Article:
To so many of my Christian brothers and sisters who disagree with today’s SCOTUS decision:
Please stop. Stop saying things out of hate, defeat, fear, and, in many cases, a need to be right more than a need to be loving.
I’m not asking you to agree with people.
I’m not even asking you to say nothing at all.
I am asking you to be civil, to be loving. To speak only when you also have a sense of compassion and empathy. To remember that Jesus took on life in the midst of a sinful world and had compassion. Notably: He did not blame the downfall and coming judgement of his own nation on the sinning woman caught in adultery, but on the self-designated religious leaders and spokespersons for God, who thought they could somehow delay or turn-away God’s judgement by doing the biblical thing and stoning her to death.
In regard to that above scenario, it should also be noted that in some cases it may be better to be silent than to pass judgement.
In whatever case, especially since so much of what is being said today is being said as if it is what God would say, please don’t say anything without seeking God’s voice first, and then seek it again. Let it be established in you by “two or three witnesses” before you speak, and if you do speak, let your words be born out of one thing: love.
Also speak with knowledge and self-inspection. Some leaders within certain circles have made statements that “today is the beginning of God’s judgement on America.” I guess if that’s the case, then 1) putting other things we worship before God, 2) creating things we worship other than God, 3) using God’s name for self-interested power rather than reverence, 4) not keeping the Sabbath, 5) not honoring and obeying parents, 6) the taking of innocent life, 7) cheating on spouses, 8) stealing property that doesn’t belong to us, 9) falsely accusing people of things that aren’t true, and 10) wanting what doesn’t belong to us, weren’t issues at all.
In regard to this list, God’s judgement might be coming on the U.S. because of status updates on Facebook, where unverified and untruthful claims are made regularly about disliked politicians (#9); or maybe God’s judgement is coming because during periods of time in my life I’ve gone for weeks without a day off (#4). Or maybe it has been coming ever since we stole life and land from those who lived here first (#6, #8, and #10).
But here’s the thing: In the United States, we don’t really think that the government should make laws that force those types of things on us (things on that list of 10 above)—even if we think these provide the framework for the right, godly, or biblical way to behave. We don’t expect our government to be the source, provider, or prop of our faith or anyone else’s. We don’t have laws that enforce the Sabbath, or laws that police what I covet (although the NSA may be getting close). Nor do we send people to jail for saying “God bless you” without meaning it. Murder and stealing (numbers 6 and 8) are a bit different because when these take place they clearly infringe and rob rights of life and property from others.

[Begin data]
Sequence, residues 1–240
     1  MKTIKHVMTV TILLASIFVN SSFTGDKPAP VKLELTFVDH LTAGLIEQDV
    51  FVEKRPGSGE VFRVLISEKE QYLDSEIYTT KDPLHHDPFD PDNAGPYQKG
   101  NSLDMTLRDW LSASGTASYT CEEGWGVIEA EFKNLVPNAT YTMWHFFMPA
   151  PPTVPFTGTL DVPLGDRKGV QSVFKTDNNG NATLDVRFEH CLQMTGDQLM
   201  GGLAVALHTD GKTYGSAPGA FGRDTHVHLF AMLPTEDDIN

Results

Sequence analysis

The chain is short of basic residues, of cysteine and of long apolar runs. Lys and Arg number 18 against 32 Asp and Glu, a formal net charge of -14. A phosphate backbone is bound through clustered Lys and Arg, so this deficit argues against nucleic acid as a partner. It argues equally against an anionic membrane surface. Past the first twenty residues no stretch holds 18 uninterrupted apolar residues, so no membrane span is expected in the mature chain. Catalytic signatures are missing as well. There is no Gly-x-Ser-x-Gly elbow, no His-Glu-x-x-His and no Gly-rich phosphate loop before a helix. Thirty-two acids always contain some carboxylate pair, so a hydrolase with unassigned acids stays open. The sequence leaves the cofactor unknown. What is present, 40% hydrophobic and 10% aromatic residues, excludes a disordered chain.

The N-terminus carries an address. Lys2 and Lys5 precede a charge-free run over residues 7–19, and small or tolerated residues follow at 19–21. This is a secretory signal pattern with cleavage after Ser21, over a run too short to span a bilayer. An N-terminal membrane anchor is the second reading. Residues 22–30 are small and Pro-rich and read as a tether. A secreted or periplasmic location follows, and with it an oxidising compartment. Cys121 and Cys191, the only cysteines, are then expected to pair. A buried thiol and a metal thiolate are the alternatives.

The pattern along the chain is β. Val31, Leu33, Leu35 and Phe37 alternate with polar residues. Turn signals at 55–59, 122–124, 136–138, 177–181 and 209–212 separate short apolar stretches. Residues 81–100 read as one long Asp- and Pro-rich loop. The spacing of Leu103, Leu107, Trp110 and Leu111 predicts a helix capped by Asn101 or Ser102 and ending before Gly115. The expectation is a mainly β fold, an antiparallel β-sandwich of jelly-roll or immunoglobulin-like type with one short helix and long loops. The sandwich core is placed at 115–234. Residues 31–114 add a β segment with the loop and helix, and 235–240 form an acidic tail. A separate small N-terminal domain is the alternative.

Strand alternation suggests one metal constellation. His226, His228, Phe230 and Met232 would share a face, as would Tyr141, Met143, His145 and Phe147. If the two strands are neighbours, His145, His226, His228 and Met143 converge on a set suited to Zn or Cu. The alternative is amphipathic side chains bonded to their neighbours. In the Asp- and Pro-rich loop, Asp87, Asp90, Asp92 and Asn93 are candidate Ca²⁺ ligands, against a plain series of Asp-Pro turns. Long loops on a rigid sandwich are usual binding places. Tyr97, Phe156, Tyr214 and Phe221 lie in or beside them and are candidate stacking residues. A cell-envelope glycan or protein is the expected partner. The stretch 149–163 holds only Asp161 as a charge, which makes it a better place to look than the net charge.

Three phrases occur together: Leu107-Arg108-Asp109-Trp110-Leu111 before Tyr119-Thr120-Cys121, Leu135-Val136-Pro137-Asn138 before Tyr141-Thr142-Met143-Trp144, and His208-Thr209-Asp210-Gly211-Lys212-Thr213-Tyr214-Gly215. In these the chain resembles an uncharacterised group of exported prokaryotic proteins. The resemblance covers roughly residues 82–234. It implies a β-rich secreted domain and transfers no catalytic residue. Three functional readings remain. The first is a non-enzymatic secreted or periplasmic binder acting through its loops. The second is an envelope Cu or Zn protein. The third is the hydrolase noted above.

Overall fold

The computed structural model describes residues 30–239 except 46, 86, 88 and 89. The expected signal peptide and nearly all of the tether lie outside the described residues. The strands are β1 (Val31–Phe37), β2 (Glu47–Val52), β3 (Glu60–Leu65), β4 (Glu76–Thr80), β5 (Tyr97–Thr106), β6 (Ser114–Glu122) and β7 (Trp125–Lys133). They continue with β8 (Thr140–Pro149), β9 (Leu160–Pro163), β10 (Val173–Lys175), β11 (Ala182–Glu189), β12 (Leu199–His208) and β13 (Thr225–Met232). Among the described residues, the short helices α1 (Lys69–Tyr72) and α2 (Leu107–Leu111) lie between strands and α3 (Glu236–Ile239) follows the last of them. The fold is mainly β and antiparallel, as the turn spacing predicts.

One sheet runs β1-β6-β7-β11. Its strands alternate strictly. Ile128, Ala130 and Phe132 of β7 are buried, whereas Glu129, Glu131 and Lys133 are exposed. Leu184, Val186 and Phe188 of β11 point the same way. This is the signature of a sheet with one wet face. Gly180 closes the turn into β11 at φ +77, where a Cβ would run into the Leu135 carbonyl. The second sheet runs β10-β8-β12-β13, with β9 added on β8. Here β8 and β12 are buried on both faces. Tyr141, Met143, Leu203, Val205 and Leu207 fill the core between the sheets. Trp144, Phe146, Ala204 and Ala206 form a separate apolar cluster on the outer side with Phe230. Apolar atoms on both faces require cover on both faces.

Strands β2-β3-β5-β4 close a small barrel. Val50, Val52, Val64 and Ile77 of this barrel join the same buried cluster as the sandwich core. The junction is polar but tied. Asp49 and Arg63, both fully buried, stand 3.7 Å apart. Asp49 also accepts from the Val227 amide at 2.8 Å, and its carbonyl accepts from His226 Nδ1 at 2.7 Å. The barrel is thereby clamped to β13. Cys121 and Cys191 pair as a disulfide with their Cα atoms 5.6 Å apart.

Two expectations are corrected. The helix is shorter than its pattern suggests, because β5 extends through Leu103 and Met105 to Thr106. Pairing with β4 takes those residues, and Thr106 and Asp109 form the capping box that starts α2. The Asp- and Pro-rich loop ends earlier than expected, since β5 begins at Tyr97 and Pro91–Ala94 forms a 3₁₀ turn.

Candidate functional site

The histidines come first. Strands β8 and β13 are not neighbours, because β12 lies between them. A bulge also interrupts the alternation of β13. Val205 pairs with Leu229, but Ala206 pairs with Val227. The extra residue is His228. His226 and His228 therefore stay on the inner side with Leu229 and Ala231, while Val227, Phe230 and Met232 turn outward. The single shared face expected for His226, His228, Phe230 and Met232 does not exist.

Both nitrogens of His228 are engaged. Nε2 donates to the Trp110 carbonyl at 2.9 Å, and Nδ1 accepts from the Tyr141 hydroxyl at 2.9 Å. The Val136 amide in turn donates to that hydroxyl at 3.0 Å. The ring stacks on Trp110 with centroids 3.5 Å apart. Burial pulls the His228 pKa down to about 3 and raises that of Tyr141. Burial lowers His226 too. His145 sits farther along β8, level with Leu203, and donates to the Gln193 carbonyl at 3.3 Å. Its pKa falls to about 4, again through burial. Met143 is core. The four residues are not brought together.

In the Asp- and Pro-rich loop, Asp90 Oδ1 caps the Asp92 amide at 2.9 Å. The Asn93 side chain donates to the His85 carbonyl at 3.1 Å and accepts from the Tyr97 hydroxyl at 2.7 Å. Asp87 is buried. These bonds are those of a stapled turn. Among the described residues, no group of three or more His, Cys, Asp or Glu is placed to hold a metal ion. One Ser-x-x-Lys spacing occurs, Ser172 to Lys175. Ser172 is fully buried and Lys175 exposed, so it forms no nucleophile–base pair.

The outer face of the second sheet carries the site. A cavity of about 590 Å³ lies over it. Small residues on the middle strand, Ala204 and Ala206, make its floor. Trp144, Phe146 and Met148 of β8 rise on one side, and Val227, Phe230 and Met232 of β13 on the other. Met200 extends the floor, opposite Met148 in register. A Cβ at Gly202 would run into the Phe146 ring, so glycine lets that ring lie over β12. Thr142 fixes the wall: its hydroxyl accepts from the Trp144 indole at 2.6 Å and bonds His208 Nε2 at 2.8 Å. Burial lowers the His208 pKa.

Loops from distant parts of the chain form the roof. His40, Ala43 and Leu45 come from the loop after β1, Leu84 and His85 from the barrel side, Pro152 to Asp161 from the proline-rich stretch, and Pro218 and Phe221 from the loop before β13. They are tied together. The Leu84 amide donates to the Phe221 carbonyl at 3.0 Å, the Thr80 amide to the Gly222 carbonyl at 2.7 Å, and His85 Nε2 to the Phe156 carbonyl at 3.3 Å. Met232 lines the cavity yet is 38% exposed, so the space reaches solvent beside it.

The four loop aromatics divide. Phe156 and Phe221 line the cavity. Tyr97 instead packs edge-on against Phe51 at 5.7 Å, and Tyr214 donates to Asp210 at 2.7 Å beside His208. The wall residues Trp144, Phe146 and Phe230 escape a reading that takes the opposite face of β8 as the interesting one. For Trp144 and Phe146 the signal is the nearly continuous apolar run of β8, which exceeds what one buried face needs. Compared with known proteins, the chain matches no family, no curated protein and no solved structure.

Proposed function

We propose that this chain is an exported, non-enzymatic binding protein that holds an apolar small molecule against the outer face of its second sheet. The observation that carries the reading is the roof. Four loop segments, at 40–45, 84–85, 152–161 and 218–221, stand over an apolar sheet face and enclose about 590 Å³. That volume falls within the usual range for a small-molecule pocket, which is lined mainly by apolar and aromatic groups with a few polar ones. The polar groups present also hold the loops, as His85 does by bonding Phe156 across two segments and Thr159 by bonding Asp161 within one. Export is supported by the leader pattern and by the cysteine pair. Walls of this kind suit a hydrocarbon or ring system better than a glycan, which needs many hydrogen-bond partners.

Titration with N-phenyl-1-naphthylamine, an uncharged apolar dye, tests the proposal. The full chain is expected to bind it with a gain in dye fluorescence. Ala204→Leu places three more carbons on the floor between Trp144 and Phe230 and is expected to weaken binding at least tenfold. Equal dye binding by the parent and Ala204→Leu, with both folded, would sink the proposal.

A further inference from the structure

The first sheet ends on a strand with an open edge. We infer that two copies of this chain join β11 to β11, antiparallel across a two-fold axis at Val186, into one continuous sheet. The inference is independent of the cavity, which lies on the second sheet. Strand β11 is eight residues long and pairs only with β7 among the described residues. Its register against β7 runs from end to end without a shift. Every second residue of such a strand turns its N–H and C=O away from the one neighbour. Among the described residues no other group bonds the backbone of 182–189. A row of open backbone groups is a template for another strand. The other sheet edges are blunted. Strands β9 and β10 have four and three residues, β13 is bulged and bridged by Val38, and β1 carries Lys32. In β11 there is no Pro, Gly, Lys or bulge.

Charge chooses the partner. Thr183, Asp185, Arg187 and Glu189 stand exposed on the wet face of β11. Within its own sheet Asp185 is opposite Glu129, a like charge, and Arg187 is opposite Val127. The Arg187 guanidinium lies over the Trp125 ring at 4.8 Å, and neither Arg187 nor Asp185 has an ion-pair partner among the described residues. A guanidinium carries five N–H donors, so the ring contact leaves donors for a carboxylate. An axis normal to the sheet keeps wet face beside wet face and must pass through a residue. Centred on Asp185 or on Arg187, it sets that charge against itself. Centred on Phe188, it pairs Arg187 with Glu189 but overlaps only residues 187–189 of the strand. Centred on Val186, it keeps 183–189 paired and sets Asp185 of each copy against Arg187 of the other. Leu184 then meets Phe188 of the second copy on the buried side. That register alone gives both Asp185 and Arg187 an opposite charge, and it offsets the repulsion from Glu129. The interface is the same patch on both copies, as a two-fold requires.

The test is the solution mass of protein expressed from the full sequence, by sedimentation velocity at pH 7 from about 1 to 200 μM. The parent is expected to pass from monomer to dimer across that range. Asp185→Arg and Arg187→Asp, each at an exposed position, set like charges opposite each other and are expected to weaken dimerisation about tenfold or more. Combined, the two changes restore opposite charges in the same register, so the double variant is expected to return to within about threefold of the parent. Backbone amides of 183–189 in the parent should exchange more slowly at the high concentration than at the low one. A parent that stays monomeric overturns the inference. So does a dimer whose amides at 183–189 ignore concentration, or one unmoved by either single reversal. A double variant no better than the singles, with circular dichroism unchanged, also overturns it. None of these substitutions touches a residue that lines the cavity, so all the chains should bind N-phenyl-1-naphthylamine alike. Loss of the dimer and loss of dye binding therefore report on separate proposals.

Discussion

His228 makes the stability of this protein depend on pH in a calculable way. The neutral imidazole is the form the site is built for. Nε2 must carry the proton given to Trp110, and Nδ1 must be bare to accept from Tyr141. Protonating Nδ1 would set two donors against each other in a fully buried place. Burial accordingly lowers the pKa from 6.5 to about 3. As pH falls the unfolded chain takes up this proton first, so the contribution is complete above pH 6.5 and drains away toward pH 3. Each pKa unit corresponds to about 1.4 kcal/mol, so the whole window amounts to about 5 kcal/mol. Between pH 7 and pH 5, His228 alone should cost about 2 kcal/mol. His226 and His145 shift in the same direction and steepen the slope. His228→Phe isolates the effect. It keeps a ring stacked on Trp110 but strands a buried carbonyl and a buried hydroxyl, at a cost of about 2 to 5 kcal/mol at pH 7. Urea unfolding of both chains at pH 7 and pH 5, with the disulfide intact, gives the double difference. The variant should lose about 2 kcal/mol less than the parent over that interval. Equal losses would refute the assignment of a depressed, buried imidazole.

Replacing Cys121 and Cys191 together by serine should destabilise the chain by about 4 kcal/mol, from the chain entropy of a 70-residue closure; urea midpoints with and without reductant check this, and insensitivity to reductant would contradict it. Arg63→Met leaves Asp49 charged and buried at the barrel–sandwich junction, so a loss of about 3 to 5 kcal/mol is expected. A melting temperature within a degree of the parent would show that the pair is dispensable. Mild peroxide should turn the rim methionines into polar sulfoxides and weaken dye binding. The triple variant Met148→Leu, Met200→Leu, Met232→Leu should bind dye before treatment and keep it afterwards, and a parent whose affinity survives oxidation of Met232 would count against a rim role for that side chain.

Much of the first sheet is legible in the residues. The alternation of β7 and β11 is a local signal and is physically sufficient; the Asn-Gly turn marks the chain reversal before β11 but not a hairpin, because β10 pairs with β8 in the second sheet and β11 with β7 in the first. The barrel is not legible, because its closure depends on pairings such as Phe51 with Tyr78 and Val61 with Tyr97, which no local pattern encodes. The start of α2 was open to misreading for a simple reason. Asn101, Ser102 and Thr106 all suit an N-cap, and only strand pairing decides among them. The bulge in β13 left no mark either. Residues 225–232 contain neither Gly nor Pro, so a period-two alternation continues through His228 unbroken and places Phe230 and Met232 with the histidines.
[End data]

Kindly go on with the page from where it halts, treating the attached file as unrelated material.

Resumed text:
Let me be more direct if all the above doesn’t make sense: in the United States we don’t enforce the 10 Commandments (yes, that’s the list of 10 above), the 613 total Torah commands, or the short list of instructions to Gentile believers in Acts 15. We don’t have laws ensuring that no business man is greedy, or that no guy is having sex with his girlfriend without her father’s consent (a couple of biblical injunctions). We also don’t federally enforce the Methodist Book of Discipline, Catholic doctrine, or any other Christian creed. We don’t enforce Sharia, and we don’t enforce the 8-fold Path of Buddhism. And for all of this I am grateful for multiple reasons, but an important one is because I really think Jesus’ story can do quite well in the free market of ideas (but that’s another topic).
Rather than enforcing religious morality, what we expect is for our government to adhere to its Constitution, especially as it relates to dealing fairly with its citizens and protecting individual and corporate rights for the sake of personal freedom and common welfare, no matter what a person’s color, creed, social or economic status, or political affiliation. Unfortunately, we haven’t been consistent in this goal, and the most tragic aspects of our history are the periods we have not fully sought or fought for equality and fairness for everyone. We’ve made great advances and have had great defeats in our integrity related to our founding ideals and documents. At our best we have provided freedom, and at our worst we did not. Hopefully we are still moving forward, but we are not there yet.
Foreigners and Guests
Whatever the case and whatever our position on today’s decision (whichever way it fell), if we are Christians then (biblically) we are foreigners and guests in whatever city, land, or nation in which we dwell. We are like the Judeans in Babylon, where the “ways of the world” are always foreign to us. We are always outsiders. We are always a remnant. Sometimes we are accepted and sometimes we are not. Yet we are always praying for the welfare of this foreign and bizarre place where we live. We are always bearing that pain-full cross of love that Jesus bore for this world “that God so loves”. (And I want to be clear: If you are a Christian this is true for you whether you disagree with the SCOTUS decision today or not. If you have been longing for today’s decision, you, too, are still a foreigner here. That doesn’t go away, because we are citizens of another system of government: the Rule of God.)
So be humble. Take care of logs in your eyes first. Admit and address the consequences of your own faithfulness or unfaithfulness first. Speak grace-full words of love. Speak words of peace. Speak Jesus to one another and pray for each other and for the world around you. Not with self-interested prayers, but prayers for the sake of the other.